Meanwhile, Elizabeth continues to withdraw into her own self-absorption and guilt over the breakup of her parents’ marriage.  She seems to believe that giving the phone number of the lodge to her mother’s secretary when the family was vacationing in Lake Tahoe was the reason her parents split–the only reason.  Apparently, Liz is incapable of seeing anything in more than a black-or-white frame, and therefore she’s the guilty party here.  As a result, she pulls away from Todd and eventually breaks up with him, because she thinks love is too fragile.  Then she dates pretty much every dude on campus at SVH, which pisses off Jessica.  When Steven and Jessica basically accuse Elizabeth of being the reason their parents have split, she decides to run away.

Only she doesn’t.  Instead, Enid manages to convince her to sleep over at her house.  Liz takes the phone off the hook there so her parents can’t reach her, and she leaves them both notes saying the split is all her fault.  The Wakefields rally in the face of this terrible situation, and they decide to begin working out their problems.

Oh, and Jessica convinces Steven to help her pretend to be Elizabeth so she can convince Todd she still loves him and that he loves her while Elizabeth is standing nearby.  See?  TRUE LOVE DOES LAST FOREVER.

The B-plot continues to include Jessica’s obsession with Catfish Charlie, whom she met on the Teen Party Line.  He continues to put her off when she requests a meeting, and then finally acquiesces to her request to go rollerskating.  Only, when she meets him, he seems awkward and boring.  A couple of dates later, she finds out that the real Charlie hired his friend Brook to go in his stead because he’s worried he’s too ugly for her.  Jessica confronts Charlie over the phone an then convinces him to go to the Pi Beta Alpha costume party dance with her friend Amy so she can scope him out without facing potential embarrassment over bringing an ugly date.  This is something that she actually thinks.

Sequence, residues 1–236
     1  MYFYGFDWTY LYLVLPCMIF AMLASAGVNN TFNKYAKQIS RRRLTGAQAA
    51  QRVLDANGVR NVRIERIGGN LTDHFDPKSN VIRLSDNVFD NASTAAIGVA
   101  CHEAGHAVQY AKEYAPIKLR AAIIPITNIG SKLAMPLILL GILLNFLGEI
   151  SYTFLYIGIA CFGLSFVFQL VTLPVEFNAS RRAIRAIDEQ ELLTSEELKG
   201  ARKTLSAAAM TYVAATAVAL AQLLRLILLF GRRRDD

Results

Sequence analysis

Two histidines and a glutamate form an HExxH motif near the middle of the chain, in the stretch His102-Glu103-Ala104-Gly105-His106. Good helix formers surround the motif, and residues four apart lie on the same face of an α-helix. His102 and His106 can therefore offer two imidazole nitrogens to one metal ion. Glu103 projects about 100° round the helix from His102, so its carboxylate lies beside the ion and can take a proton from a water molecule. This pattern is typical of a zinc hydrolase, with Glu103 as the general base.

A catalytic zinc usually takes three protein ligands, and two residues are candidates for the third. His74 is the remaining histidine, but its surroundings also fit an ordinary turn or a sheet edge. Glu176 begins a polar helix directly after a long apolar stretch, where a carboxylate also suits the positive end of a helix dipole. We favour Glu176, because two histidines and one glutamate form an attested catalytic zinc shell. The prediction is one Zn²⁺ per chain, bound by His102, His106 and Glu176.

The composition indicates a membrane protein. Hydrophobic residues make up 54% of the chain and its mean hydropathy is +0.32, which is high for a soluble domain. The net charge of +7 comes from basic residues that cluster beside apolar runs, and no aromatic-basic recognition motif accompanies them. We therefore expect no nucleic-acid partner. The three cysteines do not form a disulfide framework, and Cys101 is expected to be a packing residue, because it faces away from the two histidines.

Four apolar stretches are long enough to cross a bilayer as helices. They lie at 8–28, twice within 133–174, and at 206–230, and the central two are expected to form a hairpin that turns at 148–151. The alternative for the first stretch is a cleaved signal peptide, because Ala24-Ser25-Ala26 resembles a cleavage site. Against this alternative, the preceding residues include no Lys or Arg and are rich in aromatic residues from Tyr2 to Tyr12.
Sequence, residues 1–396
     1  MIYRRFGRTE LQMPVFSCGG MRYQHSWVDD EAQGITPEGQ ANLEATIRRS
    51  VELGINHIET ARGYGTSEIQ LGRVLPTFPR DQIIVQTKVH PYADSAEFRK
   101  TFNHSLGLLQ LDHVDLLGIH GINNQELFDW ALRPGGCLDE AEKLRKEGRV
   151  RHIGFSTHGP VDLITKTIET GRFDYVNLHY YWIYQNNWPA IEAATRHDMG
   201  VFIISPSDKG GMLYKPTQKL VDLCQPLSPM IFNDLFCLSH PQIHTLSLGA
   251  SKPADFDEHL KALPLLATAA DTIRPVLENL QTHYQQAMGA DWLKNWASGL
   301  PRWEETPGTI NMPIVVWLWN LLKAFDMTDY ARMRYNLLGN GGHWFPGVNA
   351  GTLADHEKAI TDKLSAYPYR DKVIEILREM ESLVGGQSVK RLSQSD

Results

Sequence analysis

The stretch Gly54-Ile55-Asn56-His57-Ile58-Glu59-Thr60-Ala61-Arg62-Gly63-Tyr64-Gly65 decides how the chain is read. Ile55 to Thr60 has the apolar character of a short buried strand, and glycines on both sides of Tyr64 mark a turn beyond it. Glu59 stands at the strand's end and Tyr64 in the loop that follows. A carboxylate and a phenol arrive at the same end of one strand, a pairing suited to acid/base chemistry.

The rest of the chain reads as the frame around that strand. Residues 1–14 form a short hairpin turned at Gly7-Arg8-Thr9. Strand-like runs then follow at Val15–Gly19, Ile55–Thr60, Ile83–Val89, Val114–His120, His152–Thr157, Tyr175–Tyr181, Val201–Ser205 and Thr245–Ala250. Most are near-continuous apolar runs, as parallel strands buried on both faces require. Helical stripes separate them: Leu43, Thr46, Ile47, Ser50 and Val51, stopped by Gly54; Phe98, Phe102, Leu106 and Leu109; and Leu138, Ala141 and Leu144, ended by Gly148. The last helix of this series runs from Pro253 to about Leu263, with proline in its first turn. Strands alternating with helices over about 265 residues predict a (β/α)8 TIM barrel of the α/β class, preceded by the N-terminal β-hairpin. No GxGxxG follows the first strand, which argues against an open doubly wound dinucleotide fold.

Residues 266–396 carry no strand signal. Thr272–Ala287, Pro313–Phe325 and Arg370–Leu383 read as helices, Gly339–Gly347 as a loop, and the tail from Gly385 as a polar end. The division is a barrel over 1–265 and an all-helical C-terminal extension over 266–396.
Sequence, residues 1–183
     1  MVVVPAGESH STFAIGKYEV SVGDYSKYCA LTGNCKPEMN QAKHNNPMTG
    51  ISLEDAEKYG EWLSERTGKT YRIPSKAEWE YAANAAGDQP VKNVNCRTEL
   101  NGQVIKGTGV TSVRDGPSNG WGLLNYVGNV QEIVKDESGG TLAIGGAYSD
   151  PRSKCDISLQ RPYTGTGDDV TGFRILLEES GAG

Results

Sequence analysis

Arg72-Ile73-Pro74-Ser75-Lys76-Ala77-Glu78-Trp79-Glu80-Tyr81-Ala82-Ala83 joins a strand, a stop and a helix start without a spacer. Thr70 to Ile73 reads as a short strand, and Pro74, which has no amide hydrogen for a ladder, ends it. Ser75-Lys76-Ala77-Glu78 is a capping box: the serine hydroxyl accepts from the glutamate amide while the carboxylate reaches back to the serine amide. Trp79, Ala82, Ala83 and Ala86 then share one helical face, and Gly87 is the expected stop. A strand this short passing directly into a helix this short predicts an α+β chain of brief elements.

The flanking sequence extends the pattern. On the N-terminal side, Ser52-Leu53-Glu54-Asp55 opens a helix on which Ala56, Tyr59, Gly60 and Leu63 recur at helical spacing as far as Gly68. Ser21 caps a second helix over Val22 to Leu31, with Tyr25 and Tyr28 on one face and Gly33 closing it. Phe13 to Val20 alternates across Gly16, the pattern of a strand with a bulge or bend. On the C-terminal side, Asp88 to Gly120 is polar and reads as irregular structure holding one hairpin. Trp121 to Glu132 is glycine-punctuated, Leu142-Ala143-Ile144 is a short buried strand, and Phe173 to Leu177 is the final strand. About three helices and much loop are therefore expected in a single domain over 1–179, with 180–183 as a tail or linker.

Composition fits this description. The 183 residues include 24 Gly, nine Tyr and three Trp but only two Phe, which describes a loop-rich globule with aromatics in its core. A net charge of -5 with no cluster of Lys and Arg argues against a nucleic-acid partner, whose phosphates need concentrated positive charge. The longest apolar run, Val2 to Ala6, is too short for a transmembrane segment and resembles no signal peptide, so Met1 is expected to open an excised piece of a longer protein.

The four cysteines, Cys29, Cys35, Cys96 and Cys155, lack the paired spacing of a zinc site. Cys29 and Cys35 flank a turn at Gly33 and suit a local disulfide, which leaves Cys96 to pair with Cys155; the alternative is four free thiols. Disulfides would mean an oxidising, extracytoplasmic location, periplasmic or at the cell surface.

This plan backfires when both Brook and Charlie end up paying attention to Amy at the dance.  Jessica swears revenge by devoting herself to her father’s mayoral campaign, which I guess we’ll be treated to in the next book?

Triva/Fun Facts:

  • The phone bill is in, and Jessica rang up $375 dollars calling the 900 number.
  • Suggested couples costumes: Bonnie and Clyde, Batman and Catwoman, King and Queen of Hearts, and…bookends?
  • Awkwardly shoe-horned literary parallel: Liz’s English class is discussing Othello
  • The Palace is a music venue in downtown Sweet Valley that I’ve never heard of until now

Memorable Quotes:

  • “Jessica glared at him. ‘Come to think about it, you have been haning around here an awful lot,’ she went on.  ‘Don’t you have a dorm room anymore? I thought you were supposed to be so big and grown-up now.'” (15)
  • Why not? Elizabeth thought with sudden defiance. Maybe meeting–and dating–a lot of different guys would take her mind off her troubles at home.  It certainly couldn’t make things worse!” (73)
  • “Reading the menu didn’t exactly lift her spirits.  Jessica knew famous models swore by sushi, since it was nutritious and low in calories. But at the moment all she wanted was a hamburger or pizza–something American.” (93)

A (Totally Unqualified) Critical Analysis: